The WSKG program OFF THE PAGE is designed specifically as “a forum for writers from our region”. Since its inception in January, 2000 it has presented hundreds of novelists, poets, playwrights, historians, essayists… (the list goes on and even includes farmers and a playground designer who wrote books). With very few exceptions (mostly authors of books with special regional interest) they are people living and writing within the WSKG coverage area.
For the first time OFF THE PAGE presents a program devoted to an author who is no longer with us. If, as Walt Whitman said, the proof of a poet is that his people absorb him as affectionately as he has them, we can apply that idea to playwright Rod Serling. He belongs to Binghamton as much as the city was a part of him. Even at his most fanciful or bizarre, in works destined to a mass audience, there are signs that Rod Serling never left home.
“Everybody has to have a hometown, Binghamton’s mine. In the strangely brittle, terribly sensitive make-up of a human being, there is a need for a place to hang a hat or a kind of geographical womb to crawl back into, or maybe just a place that’s familiar because that’s where you grew up. When I dig back through memory cells, I get one particularly distinctive feeling-and that’s one of warmth, comfort and well-being. For whatever else I may have had, or lost, or will find-I’ve still got a hometown. This, nobody’s gonna take away from me.” — Rod Serling
On the 50th anniversary (October 3, 1959) of his creation of “The Twilight Zone” on CBS Television Rod Serling is being remembered and in some ways reconjured in the communities he called home. There will be seminars and conferences at Antioch College in Ohio, where he and his wife Carol studied, and at Ithaca College, where he taught. In Binghamton, the Rod Serling Video Festival will be screening the PBS American Masters program “Rod Serling: Submitted for Your Approval” and at the Forum Theatre there will be a 12-hour “Twilight Zone” Marathon. There will also be walking tours of places that played a role in Serling’s plays, including the carousel at Recreation Park that is the scene for “Walking Distance”. And on Saturday, October 3rd at 8:00 PM WSKG-TV will present live performances of two “Twilight Zone” episodes set in Binghamton: “Walking Distance” and “Mirror Image”, and a new half-hour documentary on Serling’s life by Brian Frey.
OFF THE PAGE will highlight the events of TZ@50 and the celebration of Rod Serling’s life and work. Joining Bill Jaker will be Larry Kassan, director of special projects for the Binghamton City Schools and the Rod Serling School of the Arts and founder and director of the Rod Serling Video Festival, which annually honors the best video work by children in grades K-12, and Anne Serling-Sutton of Ithaca, who is presently writing a book about her father entitled “Another Dimension”, to be published in spring 2010. Also on the program is , Martin Grams Jr. author of the encyclopedic new work “The Twilight Zone: Unlocking the Door to a Television Classic”.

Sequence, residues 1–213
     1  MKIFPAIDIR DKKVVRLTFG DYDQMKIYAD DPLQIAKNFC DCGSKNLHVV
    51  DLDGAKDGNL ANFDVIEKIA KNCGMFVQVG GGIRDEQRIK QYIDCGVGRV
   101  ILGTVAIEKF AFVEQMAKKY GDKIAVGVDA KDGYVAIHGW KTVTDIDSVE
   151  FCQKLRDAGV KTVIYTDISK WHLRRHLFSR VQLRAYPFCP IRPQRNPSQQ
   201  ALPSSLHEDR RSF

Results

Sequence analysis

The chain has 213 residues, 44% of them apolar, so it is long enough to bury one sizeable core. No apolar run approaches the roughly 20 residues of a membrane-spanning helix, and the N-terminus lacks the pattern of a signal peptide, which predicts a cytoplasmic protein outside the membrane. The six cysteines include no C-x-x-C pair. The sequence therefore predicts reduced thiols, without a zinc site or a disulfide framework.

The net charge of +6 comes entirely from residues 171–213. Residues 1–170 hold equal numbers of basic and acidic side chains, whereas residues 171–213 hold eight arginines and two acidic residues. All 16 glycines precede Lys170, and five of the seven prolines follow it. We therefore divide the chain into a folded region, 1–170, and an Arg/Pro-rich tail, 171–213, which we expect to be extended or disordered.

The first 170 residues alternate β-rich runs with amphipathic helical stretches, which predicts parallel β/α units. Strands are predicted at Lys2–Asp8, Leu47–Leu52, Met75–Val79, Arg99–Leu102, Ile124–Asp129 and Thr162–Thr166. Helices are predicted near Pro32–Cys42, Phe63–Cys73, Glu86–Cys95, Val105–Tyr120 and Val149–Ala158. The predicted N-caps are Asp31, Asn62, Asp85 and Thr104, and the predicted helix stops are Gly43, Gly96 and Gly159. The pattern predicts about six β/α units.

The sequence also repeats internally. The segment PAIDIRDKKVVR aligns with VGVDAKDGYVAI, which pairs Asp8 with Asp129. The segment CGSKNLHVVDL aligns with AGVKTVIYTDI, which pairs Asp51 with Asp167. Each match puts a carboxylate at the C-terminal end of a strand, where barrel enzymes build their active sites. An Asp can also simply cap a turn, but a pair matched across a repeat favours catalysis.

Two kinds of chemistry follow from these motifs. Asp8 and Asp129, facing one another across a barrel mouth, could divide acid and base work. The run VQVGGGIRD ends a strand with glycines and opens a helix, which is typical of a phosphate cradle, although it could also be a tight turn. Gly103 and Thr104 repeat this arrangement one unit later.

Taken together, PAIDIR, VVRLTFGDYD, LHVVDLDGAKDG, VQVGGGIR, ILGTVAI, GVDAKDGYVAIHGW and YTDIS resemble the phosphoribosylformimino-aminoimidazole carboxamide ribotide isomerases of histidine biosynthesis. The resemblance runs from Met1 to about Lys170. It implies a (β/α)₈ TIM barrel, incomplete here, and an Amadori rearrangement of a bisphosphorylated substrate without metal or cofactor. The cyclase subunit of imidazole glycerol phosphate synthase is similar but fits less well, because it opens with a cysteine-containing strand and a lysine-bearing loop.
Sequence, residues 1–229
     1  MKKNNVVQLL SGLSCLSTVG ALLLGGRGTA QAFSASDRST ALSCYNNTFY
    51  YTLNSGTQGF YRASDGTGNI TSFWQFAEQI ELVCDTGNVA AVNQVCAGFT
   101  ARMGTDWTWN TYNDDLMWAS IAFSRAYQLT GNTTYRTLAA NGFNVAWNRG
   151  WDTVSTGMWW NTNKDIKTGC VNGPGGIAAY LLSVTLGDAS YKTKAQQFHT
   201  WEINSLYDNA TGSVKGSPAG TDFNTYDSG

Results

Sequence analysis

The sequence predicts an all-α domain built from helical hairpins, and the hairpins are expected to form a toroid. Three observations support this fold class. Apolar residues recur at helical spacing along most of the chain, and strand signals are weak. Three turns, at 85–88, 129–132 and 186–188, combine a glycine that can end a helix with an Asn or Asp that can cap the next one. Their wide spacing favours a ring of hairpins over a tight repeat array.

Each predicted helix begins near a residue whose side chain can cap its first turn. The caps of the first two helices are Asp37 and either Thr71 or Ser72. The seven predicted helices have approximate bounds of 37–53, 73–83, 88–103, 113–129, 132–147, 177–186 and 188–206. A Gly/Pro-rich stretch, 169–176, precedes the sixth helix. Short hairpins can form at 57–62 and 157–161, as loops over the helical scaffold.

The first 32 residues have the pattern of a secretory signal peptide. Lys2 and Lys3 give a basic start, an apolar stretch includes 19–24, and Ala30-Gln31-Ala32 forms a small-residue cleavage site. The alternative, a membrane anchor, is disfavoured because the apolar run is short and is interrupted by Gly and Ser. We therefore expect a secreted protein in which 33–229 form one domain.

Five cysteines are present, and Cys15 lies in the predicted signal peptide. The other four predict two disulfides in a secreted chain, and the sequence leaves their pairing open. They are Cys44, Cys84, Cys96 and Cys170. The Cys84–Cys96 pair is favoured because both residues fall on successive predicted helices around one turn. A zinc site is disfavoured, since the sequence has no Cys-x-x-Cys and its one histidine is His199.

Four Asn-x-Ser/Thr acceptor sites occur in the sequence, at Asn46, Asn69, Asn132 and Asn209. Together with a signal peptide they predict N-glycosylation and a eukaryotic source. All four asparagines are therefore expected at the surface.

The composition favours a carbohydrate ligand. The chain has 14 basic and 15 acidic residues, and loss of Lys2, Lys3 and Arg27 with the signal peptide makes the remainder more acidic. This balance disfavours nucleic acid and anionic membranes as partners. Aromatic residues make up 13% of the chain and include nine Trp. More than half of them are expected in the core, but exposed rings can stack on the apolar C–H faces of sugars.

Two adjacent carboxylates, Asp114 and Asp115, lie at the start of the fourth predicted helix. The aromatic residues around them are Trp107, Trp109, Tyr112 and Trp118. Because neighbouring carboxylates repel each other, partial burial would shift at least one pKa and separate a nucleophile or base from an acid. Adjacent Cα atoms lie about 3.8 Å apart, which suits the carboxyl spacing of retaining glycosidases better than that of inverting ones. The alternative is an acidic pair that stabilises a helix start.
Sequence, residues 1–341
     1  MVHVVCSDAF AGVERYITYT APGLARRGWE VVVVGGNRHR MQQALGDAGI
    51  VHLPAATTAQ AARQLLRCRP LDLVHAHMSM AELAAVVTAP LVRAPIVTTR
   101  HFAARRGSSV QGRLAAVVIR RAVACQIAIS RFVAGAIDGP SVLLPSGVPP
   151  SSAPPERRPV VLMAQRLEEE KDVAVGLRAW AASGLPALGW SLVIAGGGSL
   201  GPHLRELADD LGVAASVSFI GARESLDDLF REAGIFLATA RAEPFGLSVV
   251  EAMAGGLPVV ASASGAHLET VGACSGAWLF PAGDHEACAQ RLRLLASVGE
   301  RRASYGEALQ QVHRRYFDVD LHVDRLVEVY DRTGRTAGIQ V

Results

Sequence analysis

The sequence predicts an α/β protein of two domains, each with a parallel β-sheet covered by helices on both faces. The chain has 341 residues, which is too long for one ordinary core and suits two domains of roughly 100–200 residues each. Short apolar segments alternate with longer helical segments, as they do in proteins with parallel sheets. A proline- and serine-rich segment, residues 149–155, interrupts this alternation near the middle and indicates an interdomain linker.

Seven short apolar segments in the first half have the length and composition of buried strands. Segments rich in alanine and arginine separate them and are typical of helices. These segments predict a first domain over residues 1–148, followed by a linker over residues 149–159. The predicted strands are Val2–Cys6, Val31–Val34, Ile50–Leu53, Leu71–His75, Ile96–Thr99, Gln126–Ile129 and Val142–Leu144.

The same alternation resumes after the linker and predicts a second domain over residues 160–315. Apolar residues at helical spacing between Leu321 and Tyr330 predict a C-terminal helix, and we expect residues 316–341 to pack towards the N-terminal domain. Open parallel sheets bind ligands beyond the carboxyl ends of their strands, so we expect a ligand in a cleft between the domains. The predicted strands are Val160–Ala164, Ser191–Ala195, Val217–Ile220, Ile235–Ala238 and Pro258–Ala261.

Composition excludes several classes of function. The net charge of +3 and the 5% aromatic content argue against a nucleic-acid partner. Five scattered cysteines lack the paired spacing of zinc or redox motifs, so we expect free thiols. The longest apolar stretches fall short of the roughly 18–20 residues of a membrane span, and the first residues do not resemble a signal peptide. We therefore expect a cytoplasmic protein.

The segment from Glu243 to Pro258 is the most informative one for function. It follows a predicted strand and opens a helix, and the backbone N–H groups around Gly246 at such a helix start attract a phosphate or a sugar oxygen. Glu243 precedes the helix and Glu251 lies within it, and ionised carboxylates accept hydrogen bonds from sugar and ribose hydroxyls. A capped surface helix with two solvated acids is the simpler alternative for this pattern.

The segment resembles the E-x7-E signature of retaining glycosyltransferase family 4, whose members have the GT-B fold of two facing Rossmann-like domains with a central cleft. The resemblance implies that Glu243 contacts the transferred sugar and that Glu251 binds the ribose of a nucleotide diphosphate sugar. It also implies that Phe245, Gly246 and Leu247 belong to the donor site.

The program also includes an excerpt of an OFF THE PAGE interview from January 2004 with Robert Keller, professor emeritus of art history at Broome Community College, author of the book “House Proud” and a boyhood friend of Rod Serling. He tells of playing imaginative games with Rod in the city’s cemeteries, but also about the serious editorials that Rod wrote for the Binghamton High School newspaper as the Second World War was expected to soon take them away.
After returning from service as a paratrooper in the Pacific in World War II, Rod Serling enrolled in Antioch College in Ohio and his future began to take shape. As part of Antioch’s work-study curriculum, Rod spent his first few months of college at radio station WNYC, which was then owned by the City of New York. Thanks to the WNYC archive we can hear excerpts from a couple of programs that reveal Rod Serling was already a skilled radio actor. He later did an internship at WMRN in Marion, Ohio, from which OFF THE PAGE re-creates a deliberately silly portion of a teenage record show. Serling’s first fully professional job in radio was at station WLW in Cincinnati (“The Nation’s Station”) and his assignments as a staff writer left him dissatisfied and caused him to turn to writing serious drama in his hours away from work. The documentary report on Serling’s radio career includes interviews with John Michael Kittross, broadcast historian and Antioch classmate of Rod Serling; Saul Marmer, a friend and neighbor of Rod and Carol Serling during their Cincnnati days; and Professor Michael Sanders, director of electronic media communications at the University of Cincinnati.